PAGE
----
Swimming pools are one of the most popular addition to homeowners choose to add. They are an amazing addition folks add for fitness, provide non-stop entertainment for kids during the summer, and are also a phenomenal place to kick back and relax with friends and family.
Despite all of the benefits, they can also be one of the most expensive home add-ons. In fact, the average in-ground pool costs between $35,000 and $60,000 to install. Add-ons like additional features, such as a forced current or an add-on spa, led lights or waterfall will cost extra, and that’s not even counting fencing, decking, or other additional things you may want.
Installing a new pool is a major investment, but there are several financing options that can help you afford such a venture.
Different Types of Swimming Pool Loans
Home Equity Loans & Lines of Credit
Home equity products, as you might guess, are secured by the equity in your home. They offer you the opportunity to borrow money at a lower rate than most personal loans or credit cards and come with longer terms for repayment.
A home equity loan works much like other loans. First, you apply and, if approved, you receive the loan proceeds in a lump sum. Payments generally start the next month and you’ll make monthly payments until the loan is paid back in full. Interest rates vary by lender but are usually fairly affordable. As of October 2018, for instance, they were about 5 percent, on average. Home equity loans are great if you know exactly how much you’ll need up front and are confident you won’t go over budget.
With a home equity line of credit, you have a limit you can borrow, but you can borrow and repay up to that amount over and over during the draw period, which is usually five or 10 years. They typically are slightly more expensive in terms of interest than a home equity loan but still far lower than a credit card or personal loan. If you’re worried about going over budget or don’t want to take out more than you need, a HELOC can help by allowing you to only take what you need when you need it.
A personal loan is an unsecured loan product offered by banks, credit unions, and other lenders. Loan amounts range from a few thousand to hundreds of thousands of dollars, making them a valid option for pools of all sizes. In order to qualify, you typically need to have verifiable income and a good credit history. It’s a big risk for the lender since there is nothing securing the loan, so the eligibility requirements tend to be more strict through the loan process.
Interest rates for a personal loan are often fairly high to offset their risk, but those with excellent credit may be approved for a loan with an interest rate under 10%. Loan terms are also typically shorter than with home equity products and range from around 2 to 7 years.
Swimming pool dealers often offer in-house pool financing, but this is generally the most expensive of the three major options. While they often run specials where 12 or 18 months are “same as cash” with a “pay no interest” period, if you aren’t able to pay off the pool during that time, you’ll often be stuck with a high interest rate. To make matters worse, they may even add on the interest that was accruing in the background during the introductory period which can be substantial.
Dealers do, however, often offer financing to those with poor or fair credit scores and can sometimes be slightly more flexible than a bank or other lender.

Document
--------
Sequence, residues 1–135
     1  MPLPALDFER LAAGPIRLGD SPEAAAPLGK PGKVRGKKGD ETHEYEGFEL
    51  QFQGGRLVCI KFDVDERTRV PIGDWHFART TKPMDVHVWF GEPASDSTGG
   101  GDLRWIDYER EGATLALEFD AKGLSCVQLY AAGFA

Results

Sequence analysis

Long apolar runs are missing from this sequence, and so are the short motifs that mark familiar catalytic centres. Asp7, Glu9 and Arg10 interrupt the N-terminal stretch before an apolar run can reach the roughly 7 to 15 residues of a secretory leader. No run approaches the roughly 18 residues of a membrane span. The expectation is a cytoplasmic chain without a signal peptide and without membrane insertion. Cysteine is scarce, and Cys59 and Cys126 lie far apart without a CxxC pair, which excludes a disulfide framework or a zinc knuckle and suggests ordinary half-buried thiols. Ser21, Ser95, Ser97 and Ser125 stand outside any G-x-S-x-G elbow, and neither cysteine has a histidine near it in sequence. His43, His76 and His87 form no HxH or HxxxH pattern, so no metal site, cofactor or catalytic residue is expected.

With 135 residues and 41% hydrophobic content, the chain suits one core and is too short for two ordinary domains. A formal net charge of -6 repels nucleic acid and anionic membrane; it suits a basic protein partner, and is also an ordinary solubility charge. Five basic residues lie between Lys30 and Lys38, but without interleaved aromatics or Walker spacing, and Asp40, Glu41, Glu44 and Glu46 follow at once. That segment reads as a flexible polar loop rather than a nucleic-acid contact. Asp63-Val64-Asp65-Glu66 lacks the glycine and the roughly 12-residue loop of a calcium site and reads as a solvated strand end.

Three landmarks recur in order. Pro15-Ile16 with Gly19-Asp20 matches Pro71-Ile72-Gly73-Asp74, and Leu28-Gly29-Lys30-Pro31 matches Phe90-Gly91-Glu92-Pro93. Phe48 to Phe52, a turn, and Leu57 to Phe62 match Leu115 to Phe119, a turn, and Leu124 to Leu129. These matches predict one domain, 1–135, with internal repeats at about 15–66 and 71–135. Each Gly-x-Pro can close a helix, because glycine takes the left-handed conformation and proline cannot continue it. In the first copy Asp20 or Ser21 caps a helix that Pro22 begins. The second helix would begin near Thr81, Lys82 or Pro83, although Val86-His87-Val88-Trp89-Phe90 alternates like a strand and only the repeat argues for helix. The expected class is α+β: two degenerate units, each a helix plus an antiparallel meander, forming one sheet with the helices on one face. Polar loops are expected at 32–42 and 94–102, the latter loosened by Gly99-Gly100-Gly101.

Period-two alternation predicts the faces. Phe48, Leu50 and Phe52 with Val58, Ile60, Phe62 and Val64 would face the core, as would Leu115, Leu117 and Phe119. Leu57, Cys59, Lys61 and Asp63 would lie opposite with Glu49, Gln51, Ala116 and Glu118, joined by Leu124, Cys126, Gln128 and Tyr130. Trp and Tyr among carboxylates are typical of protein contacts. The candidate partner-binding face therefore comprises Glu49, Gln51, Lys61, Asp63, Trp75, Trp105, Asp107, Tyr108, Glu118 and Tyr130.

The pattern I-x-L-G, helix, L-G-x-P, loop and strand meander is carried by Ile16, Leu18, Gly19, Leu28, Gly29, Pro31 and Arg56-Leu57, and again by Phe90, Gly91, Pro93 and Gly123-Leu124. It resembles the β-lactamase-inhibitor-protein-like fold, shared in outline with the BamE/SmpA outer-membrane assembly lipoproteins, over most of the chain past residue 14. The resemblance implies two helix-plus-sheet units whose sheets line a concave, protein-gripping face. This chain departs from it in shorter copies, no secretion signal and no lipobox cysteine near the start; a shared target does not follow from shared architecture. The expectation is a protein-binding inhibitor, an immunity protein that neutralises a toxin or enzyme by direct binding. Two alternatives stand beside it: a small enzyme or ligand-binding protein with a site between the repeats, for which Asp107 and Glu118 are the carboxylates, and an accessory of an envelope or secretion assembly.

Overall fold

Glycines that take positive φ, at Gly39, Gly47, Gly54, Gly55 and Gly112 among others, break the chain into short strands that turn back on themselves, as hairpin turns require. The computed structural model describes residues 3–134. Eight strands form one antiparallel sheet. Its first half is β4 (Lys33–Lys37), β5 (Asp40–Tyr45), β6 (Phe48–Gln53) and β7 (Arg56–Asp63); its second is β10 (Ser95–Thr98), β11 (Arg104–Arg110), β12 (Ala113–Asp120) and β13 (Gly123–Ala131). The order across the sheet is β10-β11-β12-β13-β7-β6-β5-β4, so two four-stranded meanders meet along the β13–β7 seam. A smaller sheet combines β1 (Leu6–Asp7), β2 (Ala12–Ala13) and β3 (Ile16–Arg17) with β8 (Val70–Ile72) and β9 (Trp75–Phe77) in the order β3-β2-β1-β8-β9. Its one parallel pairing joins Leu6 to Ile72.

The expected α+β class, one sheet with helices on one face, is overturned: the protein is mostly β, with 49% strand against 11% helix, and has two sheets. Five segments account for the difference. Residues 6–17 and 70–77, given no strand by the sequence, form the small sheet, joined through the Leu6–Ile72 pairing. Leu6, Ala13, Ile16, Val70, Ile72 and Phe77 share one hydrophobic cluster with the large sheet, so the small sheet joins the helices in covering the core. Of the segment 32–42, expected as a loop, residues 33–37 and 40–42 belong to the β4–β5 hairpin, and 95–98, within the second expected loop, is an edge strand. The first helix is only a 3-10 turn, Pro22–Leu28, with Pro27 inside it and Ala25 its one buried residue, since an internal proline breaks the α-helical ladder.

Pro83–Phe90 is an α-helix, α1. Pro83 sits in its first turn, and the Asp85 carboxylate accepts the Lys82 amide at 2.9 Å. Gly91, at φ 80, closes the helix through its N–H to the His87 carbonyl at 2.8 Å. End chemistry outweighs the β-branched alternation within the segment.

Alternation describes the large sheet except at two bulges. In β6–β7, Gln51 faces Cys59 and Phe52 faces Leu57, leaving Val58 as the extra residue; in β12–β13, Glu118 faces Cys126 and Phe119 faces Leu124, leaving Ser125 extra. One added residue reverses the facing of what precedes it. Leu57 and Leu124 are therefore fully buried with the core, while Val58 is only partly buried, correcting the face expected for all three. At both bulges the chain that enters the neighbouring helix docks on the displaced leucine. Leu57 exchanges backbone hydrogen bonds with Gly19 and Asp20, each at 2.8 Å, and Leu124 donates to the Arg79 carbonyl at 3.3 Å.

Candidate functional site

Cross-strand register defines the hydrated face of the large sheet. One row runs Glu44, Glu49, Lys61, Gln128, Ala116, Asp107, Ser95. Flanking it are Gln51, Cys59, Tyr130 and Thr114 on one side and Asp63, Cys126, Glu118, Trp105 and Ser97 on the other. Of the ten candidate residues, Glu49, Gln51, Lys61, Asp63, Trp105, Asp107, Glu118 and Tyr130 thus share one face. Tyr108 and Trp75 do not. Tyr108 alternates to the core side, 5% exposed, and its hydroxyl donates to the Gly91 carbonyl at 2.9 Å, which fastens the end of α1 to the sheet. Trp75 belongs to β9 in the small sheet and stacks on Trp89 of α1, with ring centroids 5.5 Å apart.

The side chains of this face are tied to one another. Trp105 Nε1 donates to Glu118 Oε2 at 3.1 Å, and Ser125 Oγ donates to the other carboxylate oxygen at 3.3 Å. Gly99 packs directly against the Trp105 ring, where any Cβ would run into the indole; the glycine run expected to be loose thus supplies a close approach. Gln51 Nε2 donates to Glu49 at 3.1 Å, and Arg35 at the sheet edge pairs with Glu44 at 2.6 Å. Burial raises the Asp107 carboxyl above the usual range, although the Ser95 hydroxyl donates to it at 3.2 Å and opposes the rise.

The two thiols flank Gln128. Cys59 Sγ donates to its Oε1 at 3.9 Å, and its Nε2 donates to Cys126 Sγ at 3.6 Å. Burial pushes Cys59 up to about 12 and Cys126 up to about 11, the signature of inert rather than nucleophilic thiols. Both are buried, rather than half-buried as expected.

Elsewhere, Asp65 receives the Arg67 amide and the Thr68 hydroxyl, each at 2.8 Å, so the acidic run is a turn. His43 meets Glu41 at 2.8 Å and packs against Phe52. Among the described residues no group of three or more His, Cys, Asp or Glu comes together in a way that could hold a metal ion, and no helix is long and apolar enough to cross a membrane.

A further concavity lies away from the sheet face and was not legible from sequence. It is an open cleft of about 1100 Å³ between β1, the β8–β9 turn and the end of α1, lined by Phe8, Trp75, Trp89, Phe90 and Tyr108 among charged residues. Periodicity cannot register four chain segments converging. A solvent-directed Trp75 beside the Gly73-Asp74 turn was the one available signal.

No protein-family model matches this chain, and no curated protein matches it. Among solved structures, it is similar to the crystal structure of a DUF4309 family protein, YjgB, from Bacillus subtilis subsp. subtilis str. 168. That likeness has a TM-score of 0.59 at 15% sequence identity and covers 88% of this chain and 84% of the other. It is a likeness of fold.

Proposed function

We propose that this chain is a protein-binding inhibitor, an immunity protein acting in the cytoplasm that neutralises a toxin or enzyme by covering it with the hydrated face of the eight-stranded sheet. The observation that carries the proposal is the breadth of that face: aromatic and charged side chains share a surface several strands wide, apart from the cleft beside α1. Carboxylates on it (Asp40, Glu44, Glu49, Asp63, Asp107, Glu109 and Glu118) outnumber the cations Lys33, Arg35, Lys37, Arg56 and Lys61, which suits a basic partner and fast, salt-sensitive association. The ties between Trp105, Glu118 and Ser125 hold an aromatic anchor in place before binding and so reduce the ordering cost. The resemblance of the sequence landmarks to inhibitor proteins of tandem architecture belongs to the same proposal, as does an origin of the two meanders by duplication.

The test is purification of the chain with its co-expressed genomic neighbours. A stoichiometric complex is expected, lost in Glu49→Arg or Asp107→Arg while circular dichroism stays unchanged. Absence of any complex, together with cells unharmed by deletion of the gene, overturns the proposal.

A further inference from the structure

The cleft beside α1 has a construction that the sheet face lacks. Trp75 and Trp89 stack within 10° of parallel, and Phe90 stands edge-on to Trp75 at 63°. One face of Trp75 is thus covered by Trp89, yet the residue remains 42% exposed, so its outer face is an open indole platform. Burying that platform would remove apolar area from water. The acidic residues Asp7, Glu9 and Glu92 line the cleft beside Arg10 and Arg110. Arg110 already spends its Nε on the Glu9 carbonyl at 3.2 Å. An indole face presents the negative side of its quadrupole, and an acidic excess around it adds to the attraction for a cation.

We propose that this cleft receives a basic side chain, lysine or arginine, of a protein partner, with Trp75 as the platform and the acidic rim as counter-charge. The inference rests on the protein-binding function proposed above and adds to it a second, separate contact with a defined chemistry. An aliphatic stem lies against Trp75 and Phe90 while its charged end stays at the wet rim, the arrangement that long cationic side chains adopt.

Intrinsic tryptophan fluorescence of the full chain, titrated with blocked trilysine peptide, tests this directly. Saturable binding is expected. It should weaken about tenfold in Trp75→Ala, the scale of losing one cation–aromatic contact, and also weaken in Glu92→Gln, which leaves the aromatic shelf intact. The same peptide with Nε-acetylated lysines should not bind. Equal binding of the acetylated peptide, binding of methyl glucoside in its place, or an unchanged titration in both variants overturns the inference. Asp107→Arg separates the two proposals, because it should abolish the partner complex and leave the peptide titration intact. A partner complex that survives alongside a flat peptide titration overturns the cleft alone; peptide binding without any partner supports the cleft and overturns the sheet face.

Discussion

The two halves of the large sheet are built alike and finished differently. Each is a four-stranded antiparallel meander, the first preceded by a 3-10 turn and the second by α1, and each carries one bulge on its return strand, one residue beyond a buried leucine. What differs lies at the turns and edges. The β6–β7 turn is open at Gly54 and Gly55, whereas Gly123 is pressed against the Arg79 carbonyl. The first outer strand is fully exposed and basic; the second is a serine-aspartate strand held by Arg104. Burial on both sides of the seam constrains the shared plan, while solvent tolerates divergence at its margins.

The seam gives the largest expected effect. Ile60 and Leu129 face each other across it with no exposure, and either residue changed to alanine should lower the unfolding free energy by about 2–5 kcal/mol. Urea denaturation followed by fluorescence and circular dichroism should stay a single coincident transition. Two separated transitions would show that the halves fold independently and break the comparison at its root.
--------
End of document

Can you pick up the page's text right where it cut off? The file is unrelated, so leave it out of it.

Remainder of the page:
Benefits of a Swimming Pool Loan
Some of the benefits of swimming pool financing are obvious, such as having a source of recreation on your property. Other benefits, however, include effective use of space in your yard that can add significant value to your home—increasing the price you can get later if you ever sell. In addition, your swimming pool could actually help protect you by increasing the equity in your home. It frees up additional equity in case you have a sudden large home repair or another emergency that needs financing.
Drawbacks of a Swimming Pool Loan
Not everything about getting a swimming pool loan is perfect and risk-free. Pools require daily, weekly, and monthly maintenance, and the bigger or more option-loaded your pool is, the more you’ll pay for upkeep. It’s cheaper if you do the maintenance yourself, but it will still cost you money and time. If you’ve financed your pool, you’ll be making monthly payments on the loan with interest, plus the maintenance costs on the pool, which could be more than you can afford.
Things to Keep in Mind When Financing a Swimming Pool
Before you rush over to your bank to apply for a swimming pool loan, do some comparison shopping with several banks and different products to see if you may be eligible for a lower interest rate. Look at your budget. How much can you afford to spend on pool-related expenses in a given month? How much equity will it add to your home, and is the expense worth it? Are there any other alternative options you might consider before financing?
You may decide that you need to get a smaller pool than you envisioned or even choose to put off financing at all until you can afford the pool you want out-of-pocket. Depending on where you live, such as a northern location with snow on the ground eight months out of the year, you may decide that the limited use doesn’t justify the expense.
Building a swimming pool is a major investment. Before you leap, have a solid financial plan for how to afford it and make sure you really want it. That way, once it is installed, you can relax poolside knowing that you have a plan for repayment and there is nothing to worry about with your swimming pool loan.